Robin Mendoza started mapping the Clark County Wetlands Park as an obligation — her geographic-information systems class professor assigned it as part her B.A. in environmental science at UNLV. But she finished it as an enjoyable, if slightly OCD, occupation — the wetlands staff was so impressed with her work that the county hired her as a summer intern.
“When we were given this project, I didn’t even know we had the Wetlands Park,” says Mendoza, who moved here from San Diego when she was 10. “It confirmed my love for environmental science and why I decided to go into this field in the first place.”
In the fall of 2013, at 18 years old, Mendoza and fellow students Shirley Lin and Ray Danser started the laborious data-collection process. With a GPS device in hand, they would pinpoint their location, save it in the device, take notes in a separate field book, walk a couple steps and do it all over again. They repeated the process thousands of times — until they had enough dots to connect into a map.
“The three of us collaborated very well with the staff at the Wetlands Park, and we were having fun collecting the data,” Mendoza says.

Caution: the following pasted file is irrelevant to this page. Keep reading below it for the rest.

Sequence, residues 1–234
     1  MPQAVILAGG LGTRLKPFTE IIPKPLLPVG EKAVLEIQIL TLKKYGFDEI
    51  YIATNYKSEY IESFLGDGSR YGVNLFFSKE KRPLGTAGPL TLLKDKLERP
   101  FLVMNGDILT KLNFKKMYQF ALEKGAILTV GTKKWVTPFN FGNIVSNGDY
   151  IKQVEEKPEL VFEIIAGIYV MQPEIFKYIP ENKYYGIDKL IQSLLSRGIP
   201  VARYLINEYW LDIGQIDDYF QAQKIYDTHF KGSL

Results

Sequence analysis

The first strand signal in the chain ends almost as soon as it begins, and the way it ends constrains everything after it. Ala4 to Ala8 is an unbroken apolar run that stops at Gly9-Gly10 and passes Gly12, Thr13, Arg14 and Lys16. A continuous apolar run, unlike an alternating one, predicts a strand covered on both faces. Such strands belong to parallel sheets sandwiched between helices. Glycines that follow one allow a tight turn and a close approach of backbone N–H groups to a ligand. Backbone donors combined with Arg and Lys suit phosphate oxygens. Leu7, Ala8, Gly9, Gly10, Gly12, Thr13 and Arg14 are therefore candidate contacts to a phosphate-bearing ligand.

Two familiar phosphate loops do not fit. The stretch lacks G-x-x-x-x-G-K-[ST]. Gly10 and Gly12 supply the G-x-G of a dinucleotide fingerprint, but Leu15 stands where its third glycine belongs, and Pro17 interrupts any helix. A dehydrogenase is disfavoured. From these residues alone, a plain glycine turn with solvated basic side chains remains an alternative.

Over time, she grew attached to the place (Desert Companion is, too; we picked it for our 2015 Best of the City). In summer 2014, Mendoza got an internship to complete the map, which is so accurate that the county now uses it as its official park map. She also began an independent study with a professor to develop a web-based applications that visitors can use to interact with the park. She says park management has changed since the first time she pitched her app, but she plans to do it again in hopes of getting the app adopted.
Now a graduate student in public administration, Mendoza believes she’s found her passion: “I have a critical eye when it comes to looking at park maps now. I see places where they could use fine-tuning, and I realize this is definitely what I want to do for my career.”